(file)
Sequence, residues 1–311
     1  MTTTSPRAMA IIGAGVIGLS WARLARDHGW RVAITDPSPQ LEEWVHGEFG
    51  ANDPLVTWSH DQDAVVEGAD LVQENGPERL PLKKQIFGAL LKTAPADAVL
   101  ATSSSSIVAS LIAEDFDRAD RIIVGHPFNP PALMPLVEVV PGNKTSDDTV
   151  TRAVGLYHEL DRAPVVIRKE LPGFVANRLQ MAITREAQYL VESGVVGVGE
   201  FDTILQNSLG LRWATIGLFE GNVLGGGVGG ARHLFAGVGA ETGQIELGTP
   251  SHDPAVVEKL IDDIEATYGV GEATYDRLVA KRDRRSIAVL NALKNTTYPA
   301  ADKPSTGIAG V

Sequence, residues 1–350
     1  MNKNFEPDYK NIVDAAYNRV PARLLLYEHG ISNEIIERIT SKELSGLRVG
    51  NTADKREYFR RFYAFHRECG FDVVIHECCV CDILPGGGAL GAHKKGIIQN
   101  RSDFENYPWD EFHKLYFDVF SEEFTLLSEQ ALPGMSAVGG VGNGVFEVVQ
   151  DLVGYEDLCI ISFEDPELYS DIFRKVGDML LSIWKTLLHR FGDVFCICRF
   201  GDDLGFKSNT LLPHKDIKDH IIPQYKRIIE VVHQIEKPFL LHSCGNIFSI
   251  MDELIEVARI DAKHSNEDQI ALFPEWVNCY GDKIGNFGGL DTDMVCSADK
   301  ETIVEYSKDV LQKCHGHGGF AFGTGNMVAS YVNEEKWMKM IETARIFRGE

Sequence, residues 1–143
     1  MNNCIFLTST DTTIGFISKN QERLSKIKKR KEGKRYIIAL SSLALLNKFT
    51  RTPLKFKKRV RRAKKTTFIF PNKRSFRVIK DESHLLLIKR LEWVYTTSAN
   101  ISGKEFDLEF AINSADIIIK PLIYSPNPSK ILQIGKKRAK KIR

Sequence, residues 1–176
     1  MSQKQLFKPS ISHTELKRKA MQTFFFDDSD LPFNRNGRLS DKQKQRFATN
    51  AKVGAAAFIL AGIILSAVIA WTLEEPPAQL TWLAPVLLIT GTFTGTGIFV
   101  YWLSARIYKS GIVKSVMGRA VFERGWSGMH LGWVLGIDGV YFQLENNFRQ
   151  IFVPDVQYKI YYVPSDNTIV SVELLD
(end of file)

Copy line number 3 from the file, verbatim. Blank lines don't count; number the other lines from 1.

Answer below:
    51  ANDPLVTWSH DQDAVVEGAD LVQENGPERL PLKKQIFGAL LKTAPADAVL